How low can you go before... DETONATION!?

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How low can you go before... DETONATION!?

Post by 10sandxs on 8/31/2017, 7:24 am

I've been reloading for over 30 years now and while in my younger days, the push was to faster and hotter loads, once I started competitive shooting, that outlook changed (obviously). I find it a bit ironic that I'm now wondering how slow I can go before bad things start to happen. Do bad things happen at low speed???

On to the question. I purchased a large quantity of vectan BA10 several years ago. At the time, it was a very inexpensive powder and it does very well in short line loads. Recoil is maybe a but snappier but I've grown accustomed to it. That is untill I started loading zero jacketed bullets for long line. It seems to me that they are softer shooting than my short line loads, even at 5 gr of wst. The short line load is 3.0 grains of BA10 and a 185 (ish) h&g130, already under the minimium published load. For kicks, I loaded 10 rounds at 2.5 gr. To my supprise, they cycle my 45 with better than expected ejection. Well, what the heck... lets go to 2.0 grains... while ejection was notably less positive, all ten rounds made it out of the gun and into my brass catcher. Yes, they were VERY soft shooting.

On the way home, I remembered reading an article years ago on "detonation" a proported phenomenon where the powder doesn't burn as it normally does, all powder burns instantly, producing an explosion rather than a smooth burn. It was proported to happen only with fast burning powders in relativly large capicity cases at really light loads... BA10, very fast powder... 45 acp, relativly big case... 2.0 gr BA10, 40% under minimium suggested load... gulp...

So... has anyone got thoughts on the possibility of detonation? My recollection in the article was that it was probably a myth, and a much more reasonabe explination for blown up guns was the likely hood of a double charge of fast powder, which seems reasonable. But what if...

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Re: How low can you go before... DETONATION!?

Post by USSR on 8/31/2017, 7:33 am

The secondary explosion phenomenon is linked to slow rifle powders in small charge weights in large rifle cartridge cases.   No problem associated with small charge weights of fast pistol powders in handgun loads that I am aware of.

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Re: How low can you go before... DETONATION!?

Post by dronning on 8/31/2017, 7:47 am

The explanation I read was that in a round with a long case (rifle or maybe a .38/.357) if your powder was so low that it laid below the primer the primer flash would ignite the surface of the powder along the length of the case (verses from the back to the front) creating detonation.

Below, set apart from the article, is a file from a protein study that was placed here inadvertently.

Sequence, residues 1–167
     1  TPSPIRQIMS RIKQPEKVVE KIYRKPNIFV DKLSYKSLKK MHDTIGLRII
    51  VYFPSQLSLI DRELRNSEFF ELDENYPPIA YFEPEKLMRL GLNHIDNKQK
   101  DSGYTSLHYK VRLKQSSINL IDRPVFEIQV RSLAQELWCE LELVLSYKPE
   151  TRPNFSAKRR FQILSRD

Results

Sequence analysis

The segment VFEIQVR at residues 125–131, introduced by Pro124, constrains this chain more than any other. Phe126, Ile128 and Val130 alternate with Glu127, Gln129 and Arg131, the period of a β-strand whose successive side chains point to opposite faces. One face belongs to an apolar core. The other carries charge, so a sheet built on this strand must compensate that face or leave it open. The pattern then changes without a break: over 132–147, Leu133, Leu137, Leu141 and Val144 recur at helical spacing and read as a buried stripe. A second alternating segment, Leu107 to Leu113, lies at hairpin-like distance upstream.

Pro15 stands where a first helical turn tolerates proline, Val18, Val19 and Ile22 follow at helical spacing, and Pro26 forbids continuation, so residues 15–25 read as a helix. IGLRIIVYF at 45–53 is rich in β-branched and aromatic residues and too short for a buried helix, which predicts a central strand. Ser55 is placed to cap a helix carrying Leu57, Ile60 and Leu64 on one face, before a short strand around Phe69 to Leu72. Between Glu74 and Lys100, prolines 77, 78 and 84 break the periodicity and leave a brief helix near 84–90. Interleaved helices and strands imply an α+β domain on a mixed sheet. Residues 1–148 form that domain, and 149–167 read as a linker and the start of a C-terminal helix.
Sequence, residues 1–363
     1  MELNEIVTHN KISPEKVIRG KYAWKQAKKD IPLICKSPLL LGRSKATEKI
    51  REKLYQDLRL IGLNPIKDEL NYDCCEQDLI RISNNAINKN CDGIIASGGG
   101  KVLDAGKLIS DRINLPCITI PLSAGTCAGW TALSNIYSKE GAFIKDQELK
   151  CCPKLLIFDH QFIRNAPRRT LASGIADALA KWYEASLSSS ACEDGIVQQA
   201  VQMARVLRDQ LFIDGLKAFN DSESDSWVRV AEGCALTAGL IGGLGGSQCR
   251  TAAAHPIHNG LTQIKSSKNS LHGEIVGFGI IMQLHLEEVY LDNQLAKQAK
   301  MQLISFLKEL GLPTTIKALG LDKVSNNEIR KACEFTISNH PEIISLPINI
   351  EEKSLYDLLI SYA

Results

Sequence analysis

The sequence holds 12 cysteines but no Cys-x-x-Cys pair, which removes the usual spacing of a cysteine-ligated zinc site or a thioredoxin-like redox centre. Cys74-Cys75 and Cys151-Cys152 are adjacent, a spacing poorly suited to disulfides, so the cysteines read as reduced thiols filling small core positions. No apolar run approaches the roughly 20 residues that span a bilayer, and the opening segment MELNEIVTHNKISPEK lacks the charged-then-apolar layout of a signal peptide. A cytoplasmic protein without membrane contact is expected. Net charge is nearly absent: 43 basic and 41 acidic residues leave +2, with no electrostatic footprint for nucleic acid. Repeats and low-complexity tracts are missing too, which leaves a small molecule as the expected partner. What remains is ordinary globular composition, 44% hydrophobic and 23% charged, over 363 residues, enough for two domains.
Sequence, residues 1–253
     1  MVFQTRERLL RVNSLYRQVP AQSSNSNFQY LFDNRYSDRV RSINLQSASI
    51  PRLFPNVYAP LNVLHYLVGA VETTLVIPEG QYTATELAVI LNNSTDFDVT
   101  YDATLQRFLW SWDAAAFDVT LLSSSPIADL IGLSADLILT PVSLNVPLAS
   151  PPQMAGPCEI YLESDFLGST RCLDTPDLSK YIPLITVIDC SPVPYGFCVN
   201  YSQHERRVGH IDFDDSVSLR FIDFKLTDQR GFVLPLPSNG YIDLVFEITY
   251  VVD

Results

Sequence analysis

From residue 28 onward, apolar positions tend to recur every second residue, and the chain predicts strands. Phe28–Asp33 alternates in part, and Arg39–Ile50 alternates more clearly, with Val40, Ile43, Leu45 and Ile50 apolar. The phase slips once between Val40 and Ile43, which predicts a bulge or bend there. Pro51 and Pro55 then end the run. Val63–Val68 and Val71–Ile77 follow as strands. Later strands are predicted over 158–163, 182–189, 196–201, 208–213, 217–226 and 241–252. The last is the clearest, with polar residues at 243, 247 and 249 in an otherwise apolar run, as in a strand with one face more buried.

I know weird things can happen during any type of combustion but this sounds like it needs to be a perfect storm.
- Dave
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Re: How low can you go before... DETONATION!?

Post by BE Mike on 8/31/2017, 8:55 am

IIRC, the American Rifleman put this to bed in the '70's, but every once in a while the subject is raised.
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Re: How low can you go before... DETONATION!?

Post by 10sandxs on 8/31/2017, 8:59 am

Thanks everyone, my recollection was that it wasn't an issue, but it's one of those, "did I lock the door when I left today" nagging things the I wanted to put to bed...

Now to load 14,000 rounds of short line ammo to use the rest of the powder I've got...

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Re: How low can you go before... DETONATION!?

Post by oldsalt444 on 8/31/2017, 11:34 am

IIRC, this problem occurs in pistols using low amounts of slow burning magnum powder (H110, 296) in big cases, notably 44 Mag.  The theory is that instead of igniting the just the back end of the charge near the primer, the extra space inside the case allows the spark to ignite both the front AND the back of the charge at the same time.  This creates a double pressure curve resulting in an explosion and flying metal chunks of your gun.  This is why all the reloading manuals state that a 95% load density is needed with these powders.  Fast burning bullseye powders just don't have this problem.
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Re: How low can you go before... DETONATION!?

Post by USSR on 8/31/2017, 11:58 am

oldsalt444 wrote:IIRC, this problem occurs in pistols using low amounts of slow burning magnum powder (H110, 296) in big cases, notably 44 Mag.  The theory is that instead of igniting the just the back end of the charge near the primer, the extra space inside the case allows the spark to ignite both the front AND the back of the charge at the same time.  This creates a double pressure curve resulting in an explosion and flying metal chunks of your gun.  This is why all the reloading manuals state that a 95% load density is needed with these powders.  Fast burning bullseye powders just don't have this problem.